Comics, music, articles, there is no limit to what we can apply an NFT to, technically. Comics companies are experimenting with NFT too. Merchandise company Veve is now collaborating with DC to produce a series of digital Batman statues, certified by NFT. Digital statues as a new investment and collector practice? I like it!

Paris Hilton’s NFT artwork sold for $17,000 in Ether (2020)

NFT’s and the new virtual economy
CryptoKittie by Dapper Labs is perhaps the best-known market place of NFT’s and has been around since 2017. You breed, buy and sell unique kittens on the Ethereum blockchain. It has sold more than $40 million worth of kitties to date.

Of course this is not new. We had virtual economies in World of Warcraft, Habbo Hotel and Second Life where assets were traded in-game and on other platforms. The NFT allows you to experiment with this more broadly, and pairs this with the security and safety of blockchain. You can even earn income in a game this way. The online community Yield Games Guild already applied this mindset in its “play-to-earn” guild with an investor mentality.

The catch is that these existing virtual economies are fragile. Users of Habbo Hotel, for instance, recently lost tons of money. Their assets were essentially rendered useless when the in-game market collapsed due to an update. NFT’s assure the uniqueness of an item (so a developer can’t suddenly make more) and just as importantly, they can live on beyond the game it’s used in. Your Breath of Wild outfits are not worth much, and can’t even be exchanged from the Wii-U to Switch version. But what if you could use them across Nintendo games, and have them certified? An NFT adds this permanence.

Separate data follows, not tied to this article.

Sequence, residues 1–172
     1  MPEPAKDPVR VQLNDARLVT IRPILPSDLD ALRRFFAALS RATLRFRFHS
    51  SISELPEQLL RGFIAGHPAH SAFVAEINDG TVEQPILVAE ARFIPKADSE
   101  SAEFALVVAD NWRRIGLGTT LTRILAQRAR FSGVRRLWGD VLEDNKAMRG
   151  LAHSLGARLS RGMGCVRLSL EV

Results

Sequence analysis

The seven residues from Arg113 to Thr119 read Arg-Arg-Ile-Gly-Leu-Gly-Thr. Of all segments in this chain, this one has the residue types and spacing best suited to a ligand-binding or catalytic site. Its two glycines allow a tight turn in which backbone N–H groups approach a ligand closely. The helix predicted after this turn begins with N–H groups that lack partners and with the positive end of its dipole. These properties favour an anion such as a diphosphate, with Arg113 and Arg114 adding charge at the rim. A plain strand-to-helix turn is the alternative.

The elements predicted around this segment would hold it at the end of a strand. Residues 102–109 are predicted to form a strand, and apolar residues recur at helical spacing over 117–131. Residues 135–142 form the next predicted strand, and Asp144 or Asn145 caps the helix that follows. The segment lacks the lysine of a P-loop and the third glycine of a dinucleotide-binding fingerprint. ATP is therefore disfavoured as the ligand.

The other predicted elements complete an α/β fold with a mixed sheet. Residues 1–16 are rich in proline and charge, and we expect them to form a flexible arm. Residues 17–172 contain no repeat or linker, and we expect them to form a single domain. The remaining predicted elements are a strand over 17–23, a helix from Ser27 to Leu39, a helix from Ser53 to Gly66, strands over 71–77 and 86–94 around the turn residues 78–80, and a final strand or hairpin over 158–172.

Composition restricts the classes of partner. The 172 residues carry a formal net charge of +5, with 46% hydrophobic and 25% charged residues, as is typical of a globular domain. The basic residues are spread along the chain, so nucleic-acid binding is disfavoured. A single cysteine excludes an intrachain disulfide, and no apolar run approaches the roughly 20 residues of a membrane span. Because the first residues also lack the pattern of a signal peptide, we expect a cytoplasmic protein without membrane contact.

NFT market places are emerging rapidly, and for all kinds of purposes. As a fan scholar, I found the waifu token quite interesting. Artists and fans create their own geeky anime micro-economy here where you buy your “own digital girlfriend”. You trade unique female characters, as you would trade figurines or merchandise, and sell them when your value decreases or you are not interested in that collectible anymore.

As you can see, characters become a digital asset here, a business model. Your character in games or apps is custom, unique, and valuable. Maybe it’s the gamer in me, but I personally really like the idea of owning a certain version of a character, item or outfit.

What’s the catch?
Like any investment, consider carefully if there is enough interest and a market for it. This goes for artists as well as investors or fans. If an app is not that popular, there is no one to trade with. We are in an experimental phase of this new technology still. Don’t overspend, and don’t be too optimistic about this business model just because we have seen some success stories.

The other thing to be mindful of is that blockchain is not a sustainable technology. Bitcoin alone consumes as much energy as Belgium. This is a peer-to-peer technology with a lot of verification, and no transaction is ever removed. It adds up. While NFT’s offer many opportunities, we should be mindful of the very real dangers for our environment and our economy when this technology becomes too popular.

Read more on NFT’s here:

The Verge on Crypto-Art

Quartz on NFT

Venture Beat on NFT and Future of Games

NFT and comics companies

 

 

3 thoughts on “NFT, Digital Art and Value

  1. Great impacts on your article